In the first episode of Arabella Advisors’ new podcast series, Eric Kessler caught up with all-star chef and community leader, Tanya Holland. Here are a few soundbites from their conversation.
For more than 15 years, Arabella Advisors has focused on helping philanthropists, investors, and changemakers maximize their social and environmental impact. Since the beginning, we have been committed to finding new ways to share the stories and insights of the clients and partners we get to work with, who inspire us in all sorts of ways. Our recently launched podcast is a new way to share such stories and insights, even as the COVID-19 pandemic prevents us from gathering in person.
Our first podcast episode features a conversation between our founder, Eric Kessler, and chef, author, and community activist, Tanya Holland. Chef Tanya is well known for her impact both inside and outside of the kitchen, and both she and Eric see food as a lens into numerous issues that our work touches.
Asked about her impact and where she would like to effect the most change right now, Chef Tanya pointed to three areas that need attention:
- Sustainability: “there is so much education that still needs to happen in terms of composting, recycling and reusing, and how waste contributes to global warming.”
- Equity, Equality, and Inclusivity: “I want to see more women and people of color getting the same access to opportunities, especially when it comes to capital and business. I am really passionate about entrepreneurship. […] People can’t be successful if they don’t have access to the tools.”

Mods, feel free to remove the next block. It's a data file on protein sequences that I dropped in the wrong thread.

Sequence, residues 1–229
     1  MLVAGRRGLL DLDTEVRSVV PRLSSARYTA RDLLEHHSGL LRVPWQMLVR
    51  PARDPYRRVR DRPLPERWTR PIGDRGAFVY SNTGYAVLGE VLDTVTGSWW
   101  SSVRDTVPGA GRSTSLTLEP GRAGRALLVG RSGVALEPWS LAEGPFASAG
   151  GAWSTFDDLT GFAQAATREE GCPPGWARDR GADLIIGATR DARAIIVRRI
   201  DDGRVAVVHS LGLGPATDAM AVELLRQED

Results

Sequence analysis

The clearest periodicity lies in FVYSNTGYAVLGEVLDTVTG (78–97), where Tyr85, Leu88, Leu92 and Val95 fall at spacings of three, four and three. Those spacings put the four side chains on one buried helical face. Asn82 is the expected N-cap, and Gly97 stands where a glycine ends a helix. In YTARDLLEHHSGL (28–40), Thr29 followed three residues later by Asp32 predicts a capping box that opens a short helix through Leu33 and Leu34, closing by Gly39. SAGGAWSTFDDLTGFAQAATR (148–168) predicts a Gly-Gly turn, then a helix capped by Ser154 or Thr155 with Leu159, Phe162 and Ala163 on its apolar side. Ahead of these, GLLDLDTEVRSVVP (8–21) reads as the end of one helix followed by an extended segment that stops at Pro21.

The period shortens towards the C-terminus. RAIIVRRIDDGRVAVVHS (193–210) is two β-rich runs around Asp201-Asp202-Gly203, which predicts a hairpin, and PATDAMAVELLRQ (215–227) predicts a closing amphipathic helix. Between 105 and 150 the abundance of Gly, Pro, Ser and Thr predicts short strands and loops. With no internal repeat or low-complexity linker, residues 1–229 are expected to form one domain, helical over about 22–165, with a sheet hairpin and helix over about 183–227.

- Real Estate: “That has to really be addressed in so many cities. For restaurants that can be a game changer—if they have a good real estate deal. Landlords and developers need to partner more with the restaurants if they want that amenity. And it’s not just a luxury; it provides culture.”
Along the way, Eric noted that “it seems like there is a real need to tear [our food systems] down and bring them back up,” and asked Chef Tanya if she is still optimistic about the food world. Her reply: “For the first time in my career, and my life, I just feel hopeful that this change is sustainable to really alter the systemic racism and sexism … As far as our industry, I feel like there is a new awareness; that people are realizing who’s been left out. And also, the younger generation seems to be really fighting for it.”
Tanya also noted that she has a deep sense of responsibility with her growing platform and influence and knows that these are her best tools for advancing change. She hopes to create a path so that those who follow in her footsteps can do so with a bit more ease, and she speaks of wanting to create a room “where everybody feels welcome.” That’s the atmosphere she cultivates at her award-winning restaurant, Brown Sugar Kitchen, and it’s an feeling she conveys at multiple points in her conversation with Eric.
You can hear that full conversation here.